Peter Gibbs and the panel are in Swindon. Chris Beardshaw, Bob Flowerdew and Anne Swithinbank answer the horticultural questions from the audience.
Peter Gibbs and his panel are with Incredible Edible in Swindon. Anne Swithinbank, Bob Flowerdew, and Chris Beardshaw are on hand to answer this week’s questions.
They offer advice to budding gardeners on how best to grow asparagus, how to get an Echium as tall as a house, and what to do with hops on an allotment.
Also, urban organic grower Claire Ratinon and small-space gardener and writer Alice Vincent discuss growing your own edibles in limited spaces.
Produced by Dan Cocker
Assistant Producer: Laurence Bassett
A Somethin’ Else production for BBC Radio 4
Anne Swithinbank // Bob Flowerdew // Chris Beardshaw
Q1 – I love asparagus, however after 3 years of waiting for our asparagus to produce lots of spears it is looking unlikely. What can we do?
Bob – Plant more asparagus, give it good spacing as the roots grow tremendous distances. Plant too many then take out the ones that don’t have seed on them. Also put a lot of organic material on them. Moisture is crucial as well.
Q2 – My dad loves Echiums and they are as tall as his house. He wants to get them even bigger – do you have any tips?
Chris – Presumably it is Echium Pininana (Giant Viper’s bugloss). They like free-draining soils and lots of sunshine. Give them a really good root rub and make sure they have free draining gravel into which the root can penetrate. Really build the plant up, with lots of pot ash fertilizer around the base, with not too much nitrogen fertilizer.
Q3 – I have a honeysuckle (Lonicera) which got mildew this year, and the butterflies and bees are uninterested. Can you recommend an animal/insect friendly solution to bring it back to life?
Bob – Honeysuckle often get mildew – they often get aphid attacks as well – but it is not too much of a problem. It might indicate it might be a bit on the dry side. There’s not much you can do anyway.
Anne – They don’t like to be in full sun, they need to be in cool soil that is well shaded which is reasonably moist with their tops in the sun. Get the Etruscan honeysuckle (Lonicera etrusca) which is a bit more vigorous.
Q4 – Do the panel feel the benefits of biochar are worth the cost?
Bob – I would make a bonfire with the stuff you can’t do anything with. When it has got down to the bits of glowing charcoal then start putting on lots of wet pond weed to cover it all over, put a sheet of corrugated iron over it and leave it to smoulder all night. In the morning you have a mixture of charred material, wood ash and charcoal and you mix it up and put it in your potting compost and your plants love it.
Chris – Proteas absolutely require an ash through which water is then filtered in order to trigger germination.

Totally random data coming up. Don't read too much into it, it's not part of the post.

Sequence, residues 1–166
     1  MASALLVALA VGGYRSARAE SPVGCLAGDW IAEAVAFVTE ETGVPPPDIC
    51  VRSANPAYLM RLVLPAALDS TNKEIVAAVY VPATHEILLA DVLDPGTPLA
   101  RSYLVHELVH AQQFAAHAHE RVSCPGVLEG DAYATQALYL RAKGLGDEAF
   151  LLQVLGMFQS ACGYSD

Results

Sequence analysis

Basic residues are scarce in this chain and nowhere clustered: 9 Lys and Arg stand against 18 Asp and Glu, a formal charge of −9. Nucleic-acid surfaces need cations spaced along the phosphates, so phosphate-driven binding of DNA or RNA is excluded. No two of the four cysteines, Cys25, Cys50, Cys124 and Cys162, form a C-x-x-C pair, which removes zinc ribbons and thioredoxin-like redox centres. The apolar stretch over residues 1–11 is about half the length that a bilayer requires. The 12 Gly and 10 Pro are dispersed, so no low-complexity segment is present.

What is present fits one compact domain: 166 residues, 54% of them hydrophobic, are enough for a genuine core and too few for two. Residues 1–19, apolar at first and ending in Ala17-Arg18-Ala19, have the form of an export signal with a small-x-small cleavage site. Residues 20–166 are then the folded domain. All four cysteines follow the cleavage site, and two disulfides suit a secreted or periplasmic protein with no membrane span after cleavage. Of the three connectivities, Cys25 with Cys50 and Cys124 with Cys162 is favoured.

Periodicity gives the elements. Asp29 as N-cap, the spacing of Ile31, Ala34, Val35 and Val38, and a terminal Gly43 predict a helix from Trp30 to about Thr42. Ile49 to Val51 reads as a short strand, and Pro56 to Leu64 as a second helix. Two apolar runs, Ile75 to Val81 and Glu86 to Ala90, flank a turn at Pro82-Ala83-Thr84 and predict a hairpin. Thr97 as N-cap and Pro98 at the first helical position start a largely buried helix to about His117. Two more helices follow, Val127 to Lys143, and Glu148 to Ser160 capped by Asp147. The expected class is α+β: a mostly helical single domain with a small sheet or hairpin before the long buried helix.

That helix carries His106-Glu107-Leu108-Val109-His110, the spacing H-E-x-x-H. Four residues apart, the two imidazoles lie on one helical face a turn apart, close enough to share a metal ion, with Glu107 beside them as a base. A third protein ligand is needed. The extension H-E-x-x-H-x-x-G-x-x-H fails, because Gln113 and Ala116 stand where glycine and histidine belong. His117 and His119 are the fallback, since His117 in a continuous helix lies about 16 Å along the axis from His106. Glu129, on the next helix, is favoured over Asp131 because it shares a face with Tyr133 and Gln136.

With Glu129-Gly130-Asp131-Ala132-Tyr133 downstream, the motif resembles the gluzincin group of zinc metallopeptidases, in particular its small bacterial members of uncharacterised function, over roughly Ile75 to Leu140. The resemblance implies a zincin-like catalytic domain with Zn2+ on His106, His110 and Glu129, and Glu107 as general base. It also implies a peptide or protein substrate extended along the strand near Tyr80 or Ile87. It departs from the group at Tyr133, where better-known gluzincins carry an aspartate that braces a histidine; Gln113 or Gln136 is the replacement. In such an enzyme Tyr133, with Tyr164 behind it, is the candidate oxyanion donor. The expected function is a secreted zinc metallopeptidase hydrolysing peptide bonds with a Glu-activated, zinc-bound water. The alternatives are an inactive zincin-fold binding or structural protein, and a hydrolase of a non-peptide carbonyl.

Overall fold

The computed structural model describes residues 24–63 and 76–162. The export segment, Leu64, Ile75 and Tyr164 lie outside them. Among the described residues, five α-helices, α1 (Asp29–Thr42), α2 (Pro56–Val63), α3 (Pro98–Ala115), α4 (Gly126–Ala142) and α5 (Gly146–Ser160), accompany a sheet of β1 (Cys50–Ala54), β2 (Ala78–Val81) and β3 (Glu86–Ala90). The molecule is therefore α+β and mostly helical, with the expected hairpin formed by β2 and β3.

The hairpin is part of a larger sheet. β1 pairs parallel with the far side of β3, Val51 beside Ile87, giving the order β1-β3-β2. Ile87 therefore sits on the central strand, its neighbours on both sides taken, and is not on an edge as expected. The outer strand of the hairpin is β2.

Q5 – I have just purchased my first greenhouse – what advice would you give a greenhouse novice, so I can make the most of it?
Anne – You need to think about how it is positioned for the best light coming in. I like a roof which is facing partly north and partly south so I can grow everything in there. Make sure there is plenty of ventilation. Think about the floor – I have staging at one side, movable staging and also beds.
Chris – It is worth raising the frame off the ground. It is worth playing around with water and making sure you have water which is plumbed in and also a vessel which you can fill. The warm watering of plants will increase the metabolic rate of plants immediately.
Q6 – I am growing a hop plant on my allotment – I am not quite sure what I am doing with it. The vine is getting quite big with lots of stalks on it. Should I cut it down to ground level and how do I take cuttings from it?
Anne – I have only ever grown Golden hop (Humulus Iupulus ‘Aureus’) which is an ornamental garden plant, and if I want to divide that I would wait until it was dormant, and I would lift it and divide it into different portions and then set them back in the ground.
Bob – I wouldn’t multiply your hops I would buy other varieties. I think a collection of hops would be a much better idea.
Chris – Don’t be too limited on where you are planting them. Plant them across the garden at every opportunity. You could plant a brewer’s hedge which is a mix of native species so every plant in the hedge is used for brewing or making some sort of drink which can include sloe (Prunus Spinosa), the gages, some of the sorbus, as well as hops.
Q7 – Swindon is located between the Marlborough downs and the Cotswolds and has an outstanding network of public open space. How can Swindon’s gardeners and public space managers help wildlife move around in response to climate change?
Chris – One of the things gardeners can do is form community groups so that you know what the diversity of habitats are within people’s gardens.
Anne – Connections are important such as liaising with different landowners. Opening one garden into another such as hedgehog holes.
Bob – We need to grow more of our rarer native plants. There is native flora for every county, so find out which native to your area and grow patches of them to bring in native animals and insects.
Q8 – We have an old fibreglass lined pond with lots of wildlife. However, we would like to replace it with a much larger swimming pond. Can you suggest the best time and method of when to do it?
Anne – Generally the autumn as by then the amphibious creatures have come out onto the land to hibernate for the winter. You need to build a sub-pond that you can transplant these things into to put some of the sludge at the bottom and animals which live there and try and move some of them before you destroy the old pond.